(Photos by Joe Grippo) – While Smokey Yunick often gets recognized most for the work he did with General Motors products, it is important to remember his time spent wrenching on and improving race cars for both Hudson and Ford. In fact, one of Smokey’s greatest “near misses” came at Talladega in 1969 with a driver named Bunky Blackburn who was driving a 1969 Boss 302 Mustang which Yunick prepared for the race. In fact depending on who you listen to, Blackburn had at least lapped the field once and perhaps twice before a rocker arm failure killed their hopes and chances for a win. The story is far more interesting that that though.
The 1969 Talladega NASCAR race was filled with tumult from beginning to end. The huge Talladega speedway with its 33-degree banked turns, combined with the heavy weight of race cars during and the lack of tire technology in that era created a dangerous situation for drivers. They were blowing out right front tires at speeds in excess of 200mph and no quick solution was coming to help them. Thus, Richard Petty led a boycott of the event and all of the biggest Grand National stars of the day decided to stay home rather than risk life and limb on what they deemed was a “killer” race track. Long before the NASCAR Nationwide Series existed, there was another under card of racing used to get people into the stands on Saturday before the Sunday main event and that was the Grand Touring series. Featuring pony cars, it was chock full of home built and self funded racers who were looking for a shot at the big time and while the Grand National stars walked away for the weekend, the GT racers were still raring to ply their trade on the huge track. Most of them probably needed some purse money to pay their way home.
There are conflicting stories as to how and why Smokey Yunick ended up there with Blackburn, but we can only assume that Bunkie Knudsen was the driver of the decision and it wasn’t made a couple days before the race. The decision to have Yunick there in the Mustang had to have been pre-determined some time before because Smokey “Yunick-ized” the car greatly from the condition it was in when he got it.
The car you see in the photo below has lived an interesting life. It began as a production Mustang with a 428ci FE engine and was then plucked from the line and chosen to be built as a Trans-Am race car by the people are Michigan’s Kar Kraft. Kar Kraft was not officially part of Ford but they were a back door operation. They built lots of race cars for the company, did the Boss 429 conversions, and handled many special projects. When they got hold of this Mustang, it was modified with big Lincoln disc brakes on all four corners, a legal Trans-Am roll cage, light magnesium racing wheels, a full tilt race Boss 302 engine with twin 1,050 Holley Dominator carbs, big honking sway bars, boxed factory suspension components that were relocated for improved geometry, and a host of other work to make the car very capable on the road courses where it would compete.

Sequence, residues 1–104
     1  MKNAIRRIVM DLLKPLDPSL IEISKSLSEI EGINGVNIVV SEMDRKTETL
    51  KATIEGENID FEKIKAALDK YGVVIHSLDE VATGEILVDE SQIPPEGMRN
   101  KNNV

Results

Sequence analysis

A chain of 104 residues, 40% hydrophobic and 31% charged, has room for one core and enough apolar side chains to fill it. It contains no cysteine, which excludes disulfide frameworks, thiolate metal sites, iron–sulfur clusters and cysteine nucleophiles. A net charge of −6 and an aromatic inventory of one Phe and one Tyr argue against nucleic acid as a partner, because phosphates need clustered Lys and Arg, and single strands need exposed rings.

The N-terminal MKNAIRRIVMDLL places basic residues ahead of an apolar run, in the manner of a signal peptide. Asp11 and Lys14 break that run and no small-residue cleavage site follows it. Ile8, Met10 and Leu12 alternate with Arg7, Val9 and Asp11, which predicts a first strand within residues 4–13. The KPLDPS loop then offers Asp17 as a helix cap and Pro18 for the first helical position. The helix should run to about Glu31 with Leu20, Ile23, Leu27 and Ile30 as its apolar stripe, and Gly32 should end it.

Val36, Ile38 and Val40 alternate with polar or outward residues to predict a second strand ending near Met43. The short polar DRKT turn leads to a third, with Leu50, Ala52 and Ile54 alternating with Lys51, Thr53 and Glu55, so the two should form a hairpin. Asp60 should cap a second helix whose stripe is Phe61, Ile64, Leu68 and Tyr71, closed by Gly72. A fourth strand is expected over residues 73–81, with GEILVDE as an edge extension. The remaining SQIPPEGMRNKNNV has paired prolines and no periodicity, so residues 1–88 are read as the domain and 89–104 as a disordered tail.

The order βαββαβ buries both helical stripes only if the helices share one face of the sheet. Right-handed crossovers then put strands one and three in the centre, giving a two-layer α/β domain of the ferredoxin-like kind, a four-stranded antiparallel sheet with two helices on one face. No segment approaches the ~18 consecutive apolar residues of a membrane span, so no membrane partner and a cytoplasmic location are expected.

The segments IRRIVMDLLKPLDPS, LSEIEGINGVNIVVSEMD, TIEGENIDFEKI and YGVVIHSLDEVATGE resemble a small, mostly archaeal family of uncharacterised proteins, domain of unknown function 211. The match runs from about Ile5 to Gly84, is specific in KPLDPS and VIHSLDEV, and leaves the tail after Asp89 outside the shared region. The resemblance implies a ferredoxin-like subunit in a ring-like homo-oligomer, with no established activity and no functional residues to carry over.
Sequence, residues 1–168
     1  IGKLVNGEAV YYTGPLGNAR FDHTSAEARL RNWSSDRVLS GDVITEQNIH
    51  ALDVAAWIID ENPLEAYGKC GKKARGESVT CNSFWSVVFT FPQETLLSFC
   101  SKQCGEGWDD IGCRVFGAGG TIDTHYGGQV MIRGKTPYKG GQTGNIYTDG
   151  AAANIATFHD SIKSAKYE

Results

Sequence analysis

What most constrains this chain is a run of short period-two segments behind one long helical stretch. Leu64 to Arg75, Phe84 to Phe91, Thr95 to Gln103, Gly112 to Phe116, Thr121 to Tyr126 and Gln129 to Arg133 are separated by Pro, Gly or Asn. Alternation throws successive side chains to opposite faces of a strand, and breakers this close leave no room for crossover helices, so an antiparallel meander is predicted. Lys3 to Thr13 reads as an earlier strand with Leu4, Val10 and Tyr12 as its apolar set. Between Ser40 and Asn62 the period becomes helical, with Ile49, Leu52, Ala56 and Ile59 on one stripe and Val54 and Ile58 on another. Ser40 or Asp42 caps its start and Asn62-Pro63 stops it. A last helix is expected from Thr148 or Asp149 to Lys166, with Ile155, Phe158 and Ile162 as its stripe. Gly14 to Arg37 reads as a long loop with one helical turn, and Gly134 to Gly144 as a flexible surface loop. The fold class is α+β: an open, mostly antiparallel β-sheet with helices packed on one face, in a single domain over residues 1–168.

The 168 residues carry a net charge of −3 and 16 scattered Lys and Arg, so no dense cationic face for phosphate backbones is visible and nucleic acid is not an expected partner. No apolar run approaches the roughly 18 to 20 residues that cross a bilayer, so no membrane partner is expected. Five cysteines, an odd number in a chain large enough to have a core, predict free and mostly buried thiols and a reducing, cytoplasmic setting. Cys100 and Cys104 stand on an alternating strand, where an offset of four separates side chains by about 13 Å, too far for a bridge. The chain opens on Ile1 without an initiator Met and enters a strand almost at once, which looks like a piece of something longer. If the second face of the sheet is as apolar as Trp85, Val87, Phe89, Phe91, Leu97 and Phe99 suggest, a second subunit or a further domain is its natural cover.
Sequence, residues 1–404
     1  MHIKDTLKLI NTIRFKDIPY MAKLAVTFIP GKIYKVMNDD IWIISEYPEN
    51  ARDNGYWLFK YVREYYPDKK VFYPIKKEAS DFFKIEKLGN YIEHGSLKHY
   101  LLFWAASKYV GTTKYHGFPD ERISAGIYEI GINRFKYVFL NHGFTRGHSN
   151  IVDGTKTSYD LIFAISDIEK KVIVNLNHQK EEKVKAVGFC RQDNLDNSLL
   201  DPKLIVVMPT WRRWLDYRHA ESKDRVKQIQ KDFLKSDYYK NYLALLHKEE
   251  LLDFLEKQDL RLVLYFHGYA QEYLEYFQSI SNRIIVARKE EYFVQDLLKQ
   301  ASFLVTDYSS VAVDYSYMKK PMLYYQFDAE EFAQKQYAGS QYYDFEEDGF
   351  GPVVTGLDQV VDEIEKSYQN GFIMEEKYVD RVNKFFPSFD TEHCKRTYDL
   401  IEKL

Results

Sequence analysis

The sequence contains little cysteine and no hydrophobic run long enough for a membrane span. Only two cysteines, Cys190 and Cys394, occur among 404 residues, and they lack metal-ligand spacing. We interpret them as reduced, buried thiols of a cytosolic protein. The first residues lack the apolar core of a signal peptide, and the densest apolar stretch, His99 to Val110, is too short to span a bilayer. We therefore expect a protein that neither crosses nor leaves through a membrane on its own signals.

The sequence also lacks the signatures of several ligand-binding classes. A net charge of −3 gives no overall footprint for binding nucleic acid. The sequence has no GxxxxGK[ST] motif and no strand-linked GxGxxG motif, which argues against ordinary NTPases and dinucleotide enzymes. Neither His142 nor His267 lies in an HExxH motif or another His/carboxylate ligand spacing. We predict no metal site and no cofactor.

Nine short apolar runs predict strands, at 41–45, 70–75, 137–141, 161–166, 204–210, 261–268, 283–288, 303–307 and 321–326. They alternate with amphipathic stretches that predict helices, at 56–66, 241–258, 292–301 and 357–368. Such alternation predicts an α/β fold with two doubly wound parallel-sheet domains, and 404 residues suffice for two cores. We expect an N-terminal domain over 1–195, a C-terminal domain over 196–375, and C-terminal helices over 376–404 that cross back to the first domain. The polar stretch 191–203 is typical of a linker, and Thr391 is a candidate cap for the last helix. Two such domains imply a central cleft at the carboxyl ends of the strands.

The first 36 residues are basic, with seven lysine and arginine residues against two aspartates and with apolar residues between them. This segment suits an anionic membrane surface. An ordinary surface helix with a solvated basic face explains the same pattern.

The problem for Yunick was that virtually all the stuff listed above was useless on a NASCAR stock car, so he did what he was known for doing best, and threw most all of it away. About the one thing he did keep was the signature black and gold paint job. The magnesium wheels were illegal for NASCAR so they went in favor of a big set of steel wheels with vents cut in them for the disc brakes. The twin Dominators weren’t legal so they were ditched for a single Dominator. Most of the fancy suspension stuff went away, in favor of big beefy pieces suited for the loads and strains of hours turning left at high speeds and then Smokey really got thinking. He needed room for huge headers on the car because the little engine would be working at extreme RPMs on the big track. In order to get that room he used steering components from an Aussie Ford Falcon. Because the Aussie stuff was designed to be on the “wrong side” for an American car, Yunick mounted the steering box and the idler arm outside the frame on their respective sides, freeing up huge amounts of room for headers. Additionally, he had a special reverse rotation starter made that fit into a custom built bell housing. The starter actually jutted through the firewall and into the car! Again, more room for the huge bundle of snakes that Yunick was trying to fit under the Mustang. On paper, this stuff looked positive and like it should have aided the car in its quest to qualify and win in Talladega, especially against a myriad of home built creations.